Obtaining detailed information of shipwreck sites is critical for generating accurate historical records.
Photography and videography can capture imagery of underwater archaeological sites, but the imagery does not provide any dimensional information. With underwater laser scanning, accurate dimensional information of archaeological sites can be captured for the creation of highly detailed historical records.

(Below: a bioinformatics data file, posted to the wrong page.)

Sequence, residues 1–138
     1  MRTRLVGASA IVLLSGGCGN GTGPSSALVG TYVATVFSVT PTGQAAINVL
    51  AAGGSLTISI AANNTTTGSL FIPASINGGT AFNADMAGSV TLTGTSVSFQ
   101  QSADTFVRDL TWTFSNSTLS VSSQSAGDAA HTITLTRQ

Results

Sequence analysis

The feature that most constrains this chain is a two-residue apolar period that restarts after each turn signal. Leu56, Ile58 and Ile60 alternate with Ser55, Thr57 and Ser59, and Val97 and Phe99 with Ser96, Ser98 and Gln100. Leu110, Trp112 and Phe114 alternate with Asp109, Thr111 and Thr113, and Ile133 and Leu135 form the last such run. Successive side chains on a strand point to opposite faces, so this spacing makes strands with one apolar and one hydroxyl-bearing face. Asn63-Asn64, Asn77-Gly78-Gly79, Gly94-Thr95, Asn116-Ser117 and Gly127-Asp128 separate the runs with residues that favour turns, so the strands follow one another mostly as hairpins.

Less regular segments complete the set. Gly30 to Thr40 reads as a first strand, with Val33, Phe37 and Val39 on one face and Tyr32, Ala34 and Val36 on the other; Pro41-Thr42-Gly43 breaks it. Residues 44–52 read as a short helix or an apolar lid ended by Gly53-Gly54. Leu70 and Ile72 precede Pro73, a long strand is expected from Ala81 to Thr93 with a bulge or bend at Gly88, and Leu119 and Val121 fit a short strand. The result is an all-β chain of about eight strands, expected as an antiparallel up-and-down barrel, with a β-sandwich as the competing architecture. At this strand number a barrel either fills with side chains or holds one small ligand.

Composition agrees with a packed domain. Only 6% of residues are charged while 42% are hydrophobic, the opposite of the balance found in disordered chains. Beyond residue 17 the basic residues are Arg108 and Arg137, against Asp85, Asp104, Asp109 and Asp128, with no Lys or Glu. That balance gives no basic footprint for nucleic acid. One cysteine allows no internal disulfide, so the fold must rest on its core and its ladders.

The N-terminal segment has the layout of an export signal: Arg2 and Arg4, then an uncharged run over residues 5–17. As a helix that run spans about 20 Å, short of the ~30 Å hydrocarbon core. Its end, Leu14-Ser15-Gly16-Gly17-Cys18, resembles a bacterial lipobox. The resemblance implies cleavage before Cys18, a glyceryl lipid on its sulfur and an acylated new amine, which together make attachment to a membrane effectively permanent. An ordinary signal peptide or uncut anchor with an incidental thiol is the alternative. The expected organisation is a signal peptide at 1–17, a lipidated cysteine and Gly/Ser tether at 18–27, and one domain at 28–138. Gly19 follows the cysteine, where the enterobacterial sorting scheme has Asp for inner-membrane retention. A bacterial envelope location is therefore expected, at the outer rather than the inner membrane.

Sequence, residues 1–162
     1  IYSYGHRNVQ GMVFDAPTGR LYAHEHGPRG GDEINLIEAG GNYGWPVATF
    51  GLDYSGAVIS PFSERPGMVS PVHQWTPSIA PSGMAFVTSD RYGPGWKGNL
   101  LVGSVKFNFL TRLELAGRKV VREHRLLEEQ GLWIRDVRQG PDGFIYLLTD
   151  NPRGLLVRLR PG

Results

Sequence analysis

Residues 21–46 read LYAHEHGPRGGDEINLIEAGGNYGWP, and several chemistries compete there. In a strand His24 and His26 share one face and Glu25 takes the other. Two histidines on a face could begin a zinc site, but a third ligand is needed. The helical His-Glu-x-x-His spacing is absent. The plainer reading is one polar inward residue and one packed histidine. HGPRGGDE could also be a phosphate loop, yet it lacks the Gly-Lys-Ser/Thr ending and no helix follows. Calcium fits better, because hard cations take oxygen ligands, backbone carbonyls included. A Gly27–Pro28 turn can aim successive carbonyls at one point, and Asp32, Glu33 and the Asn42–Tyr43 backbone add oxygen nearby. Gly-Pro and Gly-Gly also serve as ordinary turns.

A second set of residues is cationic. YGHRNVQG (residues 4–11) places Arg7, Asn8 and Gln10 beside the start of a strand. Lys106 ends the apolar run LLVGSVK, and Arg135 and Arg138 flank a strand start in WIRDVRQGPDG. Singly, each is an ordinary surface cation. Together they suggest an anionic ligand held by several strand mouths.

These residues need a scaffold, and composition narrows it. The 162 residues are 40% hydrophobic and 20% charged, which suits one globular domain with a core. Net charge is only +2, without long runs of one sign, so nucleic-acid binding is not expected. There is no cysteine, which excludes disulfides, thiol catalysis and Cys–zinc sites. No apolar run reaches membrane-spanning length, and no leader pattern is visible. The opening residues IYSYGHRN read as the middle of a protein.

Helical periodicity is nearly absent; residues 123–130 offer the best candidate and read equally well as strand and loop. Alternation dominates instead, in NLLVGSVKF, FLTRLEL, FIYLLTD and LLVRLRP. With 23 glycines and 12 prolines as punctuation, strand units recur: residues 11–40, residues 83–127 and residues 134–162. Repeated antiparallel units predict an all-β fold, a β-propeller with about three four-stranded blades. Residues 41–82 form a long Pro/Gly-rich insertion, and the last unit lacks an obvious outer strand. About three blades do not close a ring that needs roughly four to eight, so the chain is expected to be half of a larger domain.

The Monohansett was a wooden freighter built in 1872. In November 1907, she succumbed to an engine room fire and sunk to the bottom of Lake Huron.
In early 2014, the National Oceanic and Atmospheric Administration (NOAA) used the ULS-500 to explore the Monohansett shipwreck site at the Thunder Bay National Marine Sanctuary. The scans generated by the ULS-500 provided 3D archaeological records of the site in its current condition and enabled a more detailed understanding of the wreck to be attained.